On May 4, 2002, Venter's struggles took an abrupt and violent turn. Katcs, who had finally been removed from his position as chairman of the company a week earlier, shot his wife dead and then turned the gun on himself at their home. This brought a grisly end to the years of struggle on the part of the Venter board to ward off Katcs' legal claims against the company and its ex-owner. It also cast the company onto South Africa's front pages and gossip columns. A brand once synonymous with good times was now tied with a tragic nightmare.

Control of Venter is now in dispute between the executors of Katcs' estate and Venter's CEO, Gerald Howell. In the meantime, the company has obviously had to rethink its brand strategy and its service policies.

Glen Nevelling, Venter's director of marketing since 2000, admitted that recent events have caused a vacuum at the top of the company but says this forces Venter to think about its brand and what can be done to salvage it. Despite the company's very public unraveling, the brand is still widely recognized in South Africa -- although it's in need of a more positive spin.

Looking on the bright side (he is in marketing after all) Nevelling points out that "Venter has been in the forefront of the trailer industry for more than 30 years and has been the solid foundation for the manufacturing and service of more than a quarter-million standard and special trailers. Our market appeal is based mainly around these facts."

The words that would best describe the Venter brand name, says Nevelling, are "value for money, safety, versatility and durability." He thinks that the strength of the brand from a sales perspective is the large dealer network that still exists and the fact that Venter, unlike many of its competitors, only builds trailers.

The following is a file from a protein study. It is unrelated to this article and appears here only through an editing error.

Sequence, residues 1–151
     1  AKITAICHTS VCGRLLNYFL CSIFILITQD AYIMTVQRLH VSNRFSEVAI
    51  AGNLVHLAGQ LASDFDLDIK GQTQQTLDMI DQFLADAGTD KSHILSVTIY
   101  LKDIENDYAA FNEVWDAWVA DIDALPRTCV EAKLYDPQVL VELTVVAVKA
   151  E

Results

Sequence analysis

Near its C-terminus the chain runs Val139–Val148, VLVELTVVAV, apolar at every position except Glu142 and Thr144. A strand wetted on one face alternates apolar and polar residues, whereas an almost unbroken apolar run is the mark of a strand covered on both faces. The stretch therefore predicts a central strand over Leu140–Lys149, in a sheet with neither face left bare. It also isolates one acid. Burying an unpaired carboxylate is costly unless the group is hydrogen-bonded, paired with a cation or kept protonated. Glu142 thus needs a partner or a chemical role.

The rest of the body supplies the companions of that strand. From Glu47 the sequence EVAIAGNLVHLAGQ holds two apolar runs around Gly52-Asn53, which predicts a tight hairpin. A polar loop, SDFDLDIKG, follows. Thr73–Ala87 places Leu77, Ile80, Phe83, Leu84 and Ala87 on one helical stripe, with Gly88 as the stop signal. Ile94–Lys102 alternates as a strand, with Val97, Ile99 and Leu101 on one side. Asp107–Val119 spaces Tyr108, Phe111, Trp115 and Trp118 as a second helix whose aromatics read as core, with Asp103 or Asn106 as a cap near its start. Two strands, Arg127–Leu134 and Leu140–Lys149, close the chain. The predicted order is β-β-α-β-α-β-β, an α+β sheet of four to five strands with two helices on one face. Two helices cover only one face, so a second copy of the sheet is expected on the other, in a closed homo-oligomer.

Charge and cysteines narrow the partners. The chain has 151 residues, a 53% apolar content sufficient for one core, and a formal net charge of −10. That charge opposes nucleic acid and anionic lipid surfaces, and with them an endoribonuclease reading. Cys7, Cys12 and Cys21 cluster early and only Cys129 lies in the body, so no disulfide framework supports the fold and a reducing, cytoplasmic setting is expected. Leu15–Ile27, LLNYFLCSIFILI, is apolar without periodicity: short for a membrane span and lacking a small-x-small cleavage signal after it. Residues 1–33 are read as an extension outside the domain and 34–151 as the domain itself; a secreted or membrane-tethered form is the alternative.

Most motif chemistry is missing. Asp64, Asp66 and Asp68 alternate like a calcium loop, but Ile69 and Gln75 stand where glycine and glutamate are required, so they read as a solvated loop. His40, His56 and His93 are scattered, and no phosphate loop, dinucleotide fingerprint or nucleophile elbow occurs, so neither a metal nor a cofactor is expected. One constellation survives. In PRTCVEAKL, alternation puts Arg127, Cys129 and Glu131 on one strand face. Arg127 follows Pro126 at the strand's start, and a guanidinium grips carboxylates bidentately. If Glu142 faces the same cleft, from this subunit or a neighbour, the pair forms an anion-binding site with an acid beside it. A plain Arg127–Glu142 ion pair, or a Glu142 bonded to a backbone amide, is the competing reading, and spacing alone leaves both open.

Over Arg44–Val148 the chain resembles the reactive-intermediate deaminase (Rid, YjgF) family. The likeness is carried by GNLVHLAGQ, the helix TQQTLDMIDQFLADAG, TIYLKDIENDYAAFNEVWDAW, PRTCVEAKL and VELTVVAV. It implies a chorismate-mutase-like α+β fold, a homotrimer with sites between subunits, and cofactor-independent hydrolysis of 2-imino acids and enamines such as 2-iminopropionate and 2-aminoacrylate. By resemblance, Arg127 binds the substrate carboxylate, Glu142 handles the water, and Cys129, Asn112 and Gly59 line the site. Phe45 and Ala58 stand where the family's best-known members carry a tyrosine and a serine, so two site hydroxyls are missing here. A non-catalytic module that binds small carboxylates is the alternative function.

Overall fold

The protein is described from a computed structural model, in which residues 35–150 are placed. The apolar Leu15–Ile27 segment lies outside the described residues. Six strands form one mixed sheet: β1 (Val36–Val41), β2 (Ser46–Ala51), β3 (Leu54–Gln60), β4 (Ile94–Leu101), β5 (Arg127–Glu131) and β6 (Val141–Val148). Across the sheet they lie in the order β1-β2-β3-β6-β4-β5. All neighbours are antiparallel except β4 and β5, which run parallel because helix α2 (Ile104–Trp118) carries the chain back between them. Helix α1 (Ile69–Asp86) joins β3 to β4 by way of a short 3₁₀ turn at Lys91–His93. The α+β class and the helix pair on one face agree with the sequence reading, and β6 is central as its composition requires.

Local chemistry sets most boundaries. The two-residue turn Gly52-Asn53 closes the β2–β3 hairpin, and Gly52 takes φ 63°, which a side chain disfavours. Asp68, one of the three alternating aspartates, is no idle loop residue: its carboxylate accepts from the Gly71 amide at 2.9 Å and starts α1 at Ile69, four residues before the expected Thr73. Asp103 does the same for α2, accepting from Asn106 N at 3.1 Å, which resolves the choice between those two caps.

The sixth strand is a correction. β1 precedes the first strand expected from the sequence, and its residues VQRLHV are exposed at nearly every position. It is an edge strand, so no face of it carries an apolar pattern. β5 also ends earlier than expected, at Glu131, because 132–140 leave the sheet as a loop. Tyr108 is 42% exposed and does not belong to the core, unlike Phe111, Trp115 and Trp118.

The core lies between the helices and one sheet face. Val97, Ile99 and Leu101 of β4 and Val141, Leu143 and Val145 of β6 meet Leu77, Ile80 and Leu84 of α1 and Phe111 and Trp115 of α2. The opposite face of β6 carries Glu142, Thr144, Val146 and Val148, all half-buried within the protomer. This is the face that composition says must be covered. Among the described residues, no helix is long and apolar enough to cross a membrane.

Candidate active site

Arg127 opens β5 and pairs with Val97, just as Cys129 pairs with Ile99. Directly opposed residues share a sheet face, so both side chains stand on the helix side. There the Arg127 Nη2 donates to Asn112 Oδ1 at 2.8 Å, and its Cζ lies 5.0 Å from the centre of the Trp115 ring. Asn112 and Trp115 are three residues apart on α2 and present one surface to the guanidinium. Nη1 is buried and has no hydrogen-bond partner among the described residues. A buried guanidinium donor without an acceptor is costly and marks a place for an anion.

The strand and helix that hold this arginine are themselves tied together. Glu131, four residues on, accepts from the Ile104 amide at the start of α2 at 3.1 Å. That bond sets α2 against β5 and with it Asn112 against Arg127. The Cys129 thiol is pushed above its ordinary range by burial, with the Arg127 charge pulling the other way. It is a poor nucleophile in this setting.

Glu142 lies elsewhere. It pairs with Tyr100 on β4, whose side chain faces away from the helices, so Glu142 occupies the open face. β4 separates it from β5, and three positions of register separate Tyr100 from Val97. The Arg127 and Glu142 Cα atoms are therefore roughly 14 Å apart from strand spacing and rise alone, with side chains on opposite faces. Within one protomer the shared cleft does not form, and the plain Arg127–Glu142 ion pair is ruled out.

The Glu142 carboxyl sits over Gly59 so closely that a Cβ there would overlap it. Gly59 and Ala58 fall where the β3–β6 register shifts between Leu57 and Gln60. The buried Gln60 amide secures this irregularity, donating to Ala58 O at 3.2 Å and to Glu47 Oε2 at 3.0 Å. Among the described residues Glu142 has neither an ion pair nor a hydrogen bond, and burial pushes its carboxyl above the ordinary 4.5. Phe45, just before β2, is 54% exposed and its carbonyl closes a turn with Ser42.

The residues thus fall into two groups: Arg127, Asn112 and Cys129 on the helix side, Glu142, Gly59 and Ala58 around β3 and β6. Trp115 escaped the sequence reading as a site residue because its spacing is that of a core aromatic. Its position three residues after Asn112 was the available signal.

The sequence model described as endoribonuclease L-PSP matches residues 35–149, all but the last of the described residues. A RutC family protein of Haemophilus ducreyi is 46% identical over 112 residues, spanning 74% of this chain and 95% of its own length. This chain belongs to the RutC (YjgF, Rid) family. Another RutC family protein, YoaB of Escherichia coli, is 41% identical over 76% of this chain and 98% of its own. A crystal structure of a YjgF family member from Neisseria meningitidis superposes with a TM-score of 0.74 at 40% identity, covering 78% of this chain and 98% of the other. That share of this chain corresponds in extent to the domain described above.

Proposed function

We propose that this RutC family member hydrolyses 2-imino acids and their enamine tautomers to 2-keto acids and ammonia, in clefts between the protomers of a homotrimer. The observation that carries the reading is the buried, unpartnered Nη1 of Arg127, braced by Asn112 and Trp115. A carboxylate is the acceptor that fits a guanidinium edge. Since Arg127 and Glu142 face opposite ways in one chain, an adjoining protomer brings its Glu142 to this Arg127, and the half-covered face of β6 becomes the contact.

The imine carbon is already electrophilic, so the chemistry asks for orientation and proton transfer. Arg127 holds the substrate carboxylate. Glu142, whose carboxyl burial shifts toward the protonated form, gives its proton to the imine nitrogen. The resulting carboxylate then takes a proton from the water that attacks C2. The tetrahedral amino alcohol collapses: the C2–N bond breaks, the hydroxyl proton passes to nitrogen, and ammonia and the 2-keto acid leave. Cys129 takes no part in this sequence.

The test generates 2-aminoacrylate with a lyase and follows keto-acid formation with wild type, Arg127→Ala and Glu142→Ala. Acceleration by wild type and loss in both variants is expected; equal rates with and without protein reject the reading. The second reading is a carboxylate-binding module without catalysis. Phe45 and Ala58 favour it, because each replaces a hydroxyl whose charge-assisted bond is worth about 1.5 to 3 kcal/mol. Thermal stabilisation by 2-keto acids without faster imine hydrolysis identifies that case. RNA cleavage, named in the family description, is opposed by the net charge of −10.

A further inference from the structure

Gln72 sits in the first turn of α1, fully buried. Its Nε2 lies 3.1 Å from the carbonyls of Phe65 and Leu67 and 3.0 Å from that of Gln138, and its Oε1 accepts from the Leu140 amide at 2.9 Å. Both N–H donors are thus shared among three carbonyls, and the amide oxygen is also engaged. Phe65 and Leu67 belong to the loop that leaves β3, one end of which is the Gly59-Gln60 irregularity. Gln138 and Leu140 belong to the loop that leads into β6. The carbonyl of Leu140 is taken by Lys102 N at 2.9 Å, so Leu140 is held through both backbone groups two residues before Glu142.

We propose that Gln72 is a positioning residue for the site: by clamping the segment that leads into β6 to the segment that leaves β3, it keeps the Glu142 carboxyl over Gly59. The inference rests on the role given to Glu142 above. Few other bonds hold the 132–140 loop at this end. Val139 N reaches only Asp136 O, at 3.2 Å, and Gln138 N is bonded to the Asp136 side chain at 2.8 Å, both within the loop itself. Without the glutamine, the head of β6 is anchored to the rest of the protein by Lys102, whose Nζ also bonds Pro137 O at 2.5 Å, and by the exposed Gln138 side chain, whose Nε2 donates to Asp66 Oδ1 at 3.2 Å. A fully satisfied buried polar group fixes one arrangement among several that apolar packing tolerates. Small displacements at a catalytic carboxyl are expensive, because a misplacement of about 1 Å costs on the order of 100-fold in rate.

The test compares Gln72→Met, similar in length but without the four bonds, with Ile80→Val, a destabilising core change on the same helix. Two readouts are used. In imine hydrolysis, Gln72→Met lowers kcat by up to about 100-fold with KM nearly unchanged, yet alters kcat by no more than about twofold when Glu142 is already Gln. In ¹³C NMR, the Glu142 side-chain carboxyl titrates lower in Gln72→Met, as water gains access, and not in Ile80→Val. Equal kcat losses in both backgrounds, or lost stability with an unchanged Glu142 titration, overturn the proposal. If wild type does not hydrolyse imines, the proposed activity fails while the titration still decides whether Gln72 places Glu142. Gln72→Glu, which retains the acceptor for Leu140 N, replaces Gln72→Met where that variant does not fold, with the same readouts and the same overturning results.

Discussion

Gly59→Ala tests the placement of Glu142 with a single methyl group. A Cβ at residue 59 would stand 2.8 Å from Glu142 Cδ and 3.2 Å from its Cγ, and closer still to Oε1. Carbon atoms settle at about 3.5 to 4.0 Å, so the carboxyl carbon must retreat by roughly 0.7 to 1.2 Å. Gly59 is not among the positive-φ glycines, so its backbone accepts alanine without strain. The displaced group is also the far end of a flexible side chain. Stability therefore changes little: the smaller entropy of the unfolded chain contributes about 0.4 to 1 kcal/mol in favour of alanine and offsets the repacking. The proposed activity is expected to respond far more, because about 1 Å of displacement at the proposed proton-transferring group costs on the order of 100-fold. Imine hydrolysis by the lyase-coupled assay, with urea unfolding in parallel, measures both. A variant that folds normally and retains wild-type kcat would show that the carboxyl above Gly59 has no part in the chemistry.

The company is also learning how to expand its established market base into the "development of trailers to suit market requirements." To this end, Venter plans to "assist people who need products to evolve small business -- taxis, telephone trailers, kiosk trailers, [and] contractor trailers, [as well as] extend the brand into the fast growing off-road market."

Venter is also back to active marketing and tries to organize its campaigns to run around holiday seasons when people are most receptive to the benefits of a small trailer. The company hopes that consumers will focus on the product's national availability and affordability. It also hopes to build on the quality of the product in line with its back-up service as a means to slowly reclaim market share and consumer confidence in the brand.

The company is tight-lipped about its plans for the future, but insists it has hired new talent to begin the reconstruction process. Venter's new brand managers will have to rebuild the company while at the same time reminding South Africa of the good times without bringing up the bad.


Ron Irwin is a freelance writer based in Cape Town, South Africa.